'Bling' buildings destroy history, says designer

Kevin McCloud attacks the 'look at me' architecture that is blighting British towns
Click to follow
The Independent Online

Britain's towns and cities are losing their sense of identity and heritage because of the "wanton and transparent destruction" of unique buildings, a leading design expert says.

Kevin McCloud, presenter of Channel 4's Grand Designs, launched a blistering attack on local authorities, architects and developers for demolishing old buildings and replacing them with shiny new structures that, he said, are nothing more than "building bling".

He accused councils of being eager to tear down buildings that define the character of an area, replacing them with housing and commercial developments that "could belong anywhere". He added: "We are in the middle of one of the biggest construction booms since the war. For 50 years, we have been complaining about how the post-war construction boom unnecessarily erased so many good buildings. But we are making similar mistakes now, in the pursuit of bling.".

McCloud has been campaigning to save the Foundry House, a Victorian glove factory in Yeovil that was to make way for an "urban village". Objections and petitions were submitted to council leaders in a bid to save the historic structure and turn it into a community centre.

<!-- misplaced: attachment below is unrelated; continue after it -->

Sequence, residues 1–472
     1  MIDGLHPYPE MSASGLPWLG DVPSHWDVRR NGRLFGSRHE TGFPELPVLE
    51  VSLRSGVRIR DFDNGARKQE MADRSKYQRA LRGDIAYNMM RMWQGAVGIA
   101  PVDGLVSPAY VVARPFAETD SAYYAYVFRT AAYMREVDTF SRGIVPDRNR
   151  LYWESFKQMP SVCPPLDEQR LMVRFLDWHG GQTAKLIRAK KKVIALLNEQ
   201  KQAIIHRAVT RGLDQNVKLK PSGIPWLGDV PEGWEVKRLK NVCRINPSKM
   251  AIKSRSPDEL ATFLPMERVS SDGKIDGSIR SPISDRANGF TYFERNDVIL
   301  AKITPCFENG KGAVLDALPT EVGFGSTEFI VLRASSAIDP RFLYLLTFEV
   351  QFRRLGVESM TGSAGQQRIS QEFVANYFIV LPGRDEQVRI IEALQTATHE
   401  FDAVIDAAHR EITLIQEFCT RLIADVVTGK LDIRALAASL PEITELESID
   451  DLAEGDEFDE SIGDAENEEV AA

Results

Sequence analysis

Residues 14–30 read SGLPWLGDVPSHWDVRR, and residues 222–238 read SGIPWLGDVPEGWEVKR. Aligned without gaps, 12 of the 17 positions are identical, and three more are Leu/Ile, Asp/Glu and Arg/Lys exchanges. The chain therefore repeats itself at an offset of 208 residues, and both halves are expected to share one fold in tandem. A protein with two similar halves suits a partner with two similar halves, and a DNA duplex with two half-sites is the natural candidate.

And the design guru has cited other buildings in danger, including the Churchill House and The Forum in Bath. "They are both part of Bath's history. There is a lot of vanity at work here, the vanity of politicians, architects, developers. They all want to create things that stand out and say, 'Look at me'. I am making a plea for forgotten buildings. They all have a historic value. If you remove them you are slowly unpicking history. There is a ghastly kind of utopian ideology about it."

Under the Pathfinder scheme in northern England, thousands of houses deemed unfit for human habitation by Deputy Prime Minister John Prescott in cities including Liverpool and Newcastle will be demolished.

ALREADY GONE: Architectural heritage too late to save

Dunlop Semtex Rubber Factory, Brynmawr, South Wales

Built 1951

Demolished 2001

What we lost: Stunning vaults and technically innovative concrete roofs

Greenside Villa, Wentworth, Surrey

Built 1937

Demolished 2005

What we lost: A house that to some was a brilliant example of modern architecture, but golfers said it ruined their views

Tricorn Centre, Portsmouth

Built 1966

Demolished 2004

What we lost "A design of the times," said Owen Luder, the architect who designed the controversial concrete shopping centre

AT RISK: Classic sites on design death row

Churchill House, Bath

Built 1932

Status Due for demolition next year. One of the city's 20th-century gems, it was built for the local electricity company, and makes way for a bus station and shops

Foundry House, Yeovil

Built 1872

Status Spared from the bulldozer's ball for now by Department for Culture's intervention. Local people hope to convert the former glove factory into a community centre

Kensington terraced houses, Liverpool

Built 1850

Status While old terraced housing in Manchester is transformed into trendy living space, typical Liverpool homes are being razed

Comments